But fans of her previous release, the debut album Lights, might find themselves doing a musical double-take at first. Is this the same Ellie whose fresh, honest songs and sound made Lights so immediately easy to like?
Well, yes and no. But it’s all good.
That’s because Halcyon reflects a brilliant flash forward for this 25-year-old British folktronic wunderkind (okay, I just really wanted to say British folktronic wunderkind). The sparse production and narrower range of her first album, though inviting and charming, have suddenly given way to a stunning musical maturity and wide array of styles, evoking themes and layers of emotion worth many a listen.
It’s a phenomenon not unheard of for new artists, the best ones anyway. Another recent example is Philly-based powerhouse Halestorm, whose first (namesake) album, though pure and raw rock, is far exceeded in all respects by their second studio effort, “The Strange Case of…” Debut albums often represent where a band or artist has come from in their formation, like those early original tunes that first clicked in front of the local fans in small clubs and concerts. It’s the follow-up record that tells where they’re going. For both Halestorm (Lzzy Hale and the boys) and Ellie Goulding, that’s far and fast.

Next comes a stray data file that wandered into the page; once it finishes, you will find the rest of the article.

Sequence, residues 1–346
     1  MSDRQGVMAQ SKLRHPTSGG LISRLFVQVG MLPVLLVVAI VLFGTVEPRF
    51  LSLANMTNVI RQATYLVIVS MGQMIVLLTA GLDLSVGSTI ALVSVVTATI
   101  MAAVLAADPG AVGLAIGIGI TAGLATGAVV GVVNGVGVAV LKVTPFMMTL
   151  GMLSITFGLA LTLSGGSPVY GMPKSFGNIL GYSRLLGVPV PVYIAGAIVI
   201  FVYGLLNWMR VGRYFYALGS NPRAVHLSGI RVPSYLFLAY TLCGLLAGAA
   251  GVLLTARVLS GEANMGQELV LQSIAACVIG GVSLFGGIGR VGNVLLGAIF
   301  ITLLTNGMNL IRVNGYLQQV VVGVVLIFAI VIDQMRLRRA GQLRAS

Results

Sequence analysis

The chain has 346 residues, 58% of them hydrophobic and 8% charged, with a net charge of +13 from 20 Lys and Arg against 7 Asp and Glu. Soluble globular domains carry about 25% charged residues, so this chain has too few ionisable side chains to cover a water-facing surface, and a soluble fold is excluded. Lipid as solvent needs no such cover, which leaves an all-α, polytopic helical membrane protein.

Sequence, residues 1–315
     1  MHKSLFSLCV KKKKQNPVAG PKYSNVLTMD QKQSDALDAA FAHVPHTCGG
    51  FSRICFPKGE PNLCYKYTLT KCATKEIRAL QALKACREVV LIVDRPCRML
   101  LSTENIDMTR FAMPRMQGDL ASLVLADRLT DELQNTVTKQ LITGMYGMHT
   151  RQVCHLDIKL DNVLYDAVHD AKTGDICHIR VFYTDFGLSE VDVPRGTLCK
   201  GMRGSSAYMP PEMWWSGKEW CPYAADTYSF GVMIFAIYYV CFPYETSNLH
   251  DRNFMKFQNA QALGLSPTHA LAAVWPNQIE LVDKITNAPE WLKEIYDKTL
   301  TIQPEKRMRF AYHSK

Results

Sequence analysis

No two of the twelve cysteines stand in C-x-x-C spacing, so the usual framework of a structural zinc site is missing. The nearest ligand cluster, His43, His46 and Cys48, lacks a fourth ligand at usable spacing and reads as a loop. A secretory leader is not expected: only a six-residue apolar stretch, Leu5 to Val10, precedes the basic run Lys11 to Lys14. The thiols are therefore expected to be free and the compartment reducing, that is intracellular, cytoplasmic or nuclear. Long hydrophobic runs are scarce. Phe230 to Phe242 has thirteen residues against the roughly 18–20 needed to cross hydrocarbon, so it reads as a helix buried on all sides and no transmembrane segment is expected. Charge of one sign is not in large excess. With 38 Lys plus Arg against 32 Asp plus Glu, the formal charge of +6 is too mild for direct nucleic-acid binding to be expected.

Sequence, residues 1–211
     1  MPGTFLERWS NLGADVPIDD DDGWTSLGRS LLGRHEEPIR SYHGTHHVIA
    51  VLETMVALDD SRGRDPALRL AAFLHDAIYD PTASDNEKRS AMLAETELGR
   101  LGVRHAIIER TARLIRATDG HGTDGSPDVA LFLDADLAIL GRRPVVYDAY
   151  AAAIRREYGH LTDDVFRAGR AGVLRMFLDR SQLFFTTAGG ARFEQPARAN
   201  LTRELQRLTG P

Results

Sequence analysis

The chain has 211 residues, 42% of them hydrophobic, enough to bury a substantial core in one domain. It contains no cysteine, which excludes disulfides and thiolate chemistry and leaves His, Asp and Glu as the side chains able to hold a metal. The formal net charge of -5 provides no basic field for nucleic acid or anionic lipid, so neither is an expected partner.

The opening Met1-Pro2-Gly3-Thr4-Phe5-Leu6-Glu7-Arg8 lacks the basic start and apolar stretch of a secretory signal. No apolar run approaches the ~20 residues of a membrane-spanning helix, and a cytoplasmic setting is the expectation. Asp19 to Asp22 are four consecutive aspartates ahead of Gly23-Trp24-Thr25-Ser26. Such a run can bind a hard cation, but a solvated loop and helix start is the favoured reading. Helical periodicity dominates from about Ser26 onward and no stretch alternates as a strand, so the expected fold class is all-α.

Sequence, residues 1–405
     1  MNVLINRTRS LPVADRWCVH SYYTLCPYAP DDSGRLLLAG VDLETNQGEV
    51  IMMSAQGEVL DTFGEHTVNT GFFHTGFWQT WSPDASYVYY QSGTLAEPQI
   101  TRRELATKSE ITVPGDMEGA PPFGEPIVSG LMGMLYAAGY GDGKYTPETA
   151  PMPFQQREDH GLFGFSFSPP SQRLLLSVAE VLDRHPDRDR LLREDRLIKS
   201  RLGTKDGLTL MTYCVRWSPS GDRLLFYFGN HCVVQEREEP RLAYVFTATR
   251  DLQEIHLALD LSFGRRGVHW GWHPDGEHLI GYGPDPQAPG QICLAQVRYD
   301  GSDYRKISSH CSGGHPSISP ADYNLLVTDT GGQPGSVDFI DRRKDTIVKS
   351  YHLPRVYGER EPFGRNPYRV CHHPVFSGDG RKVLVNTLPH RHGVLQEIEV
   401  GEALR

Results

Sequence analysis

I have to admit — on my first time through Halcyon, I was so surprised at what I was hearing that I actually stopped after the third song. I realized that I was listening to it wrong. So I forgot about the earlier Ellie I’d heard on Lights and started again. Then it all made sense. And though I’ve now played it many times through, I’m still discovering wonderful things. A sure sign of talent made to last.
Some standouts from Halcyon include My Blood (which echoes the legendary Kate Bush for me), title tune Halcyon, Figure 8 (with the catchy lyrical hook “I chase your love around a figure 8, I need you more than I can take…”), and In My City (from the extended album, which I recommend).
And just to highlight the variety of great songs and songwriting skills on this album, I offer these random observations…
If you know Flyleaf and their just-now-leaving lead singer Lacey, you might be reminded of their quieter-side on songs Atlantis and Explosions — there’s something about these two and Ellie’s delivery of them that makes me think of Lacey unplugged (which is high praise indeed).
And if you like Bat for Lashes, have a listen to Dead in the Water. It dives into the moody realm of Natasha Khan (another fave).
So there you have it, folktronica fans — it sounds like Ellie’s no flash in the pan. Expect only brighter lights ahead.
A random music review by John Klobucher
author of Lore of the Underlings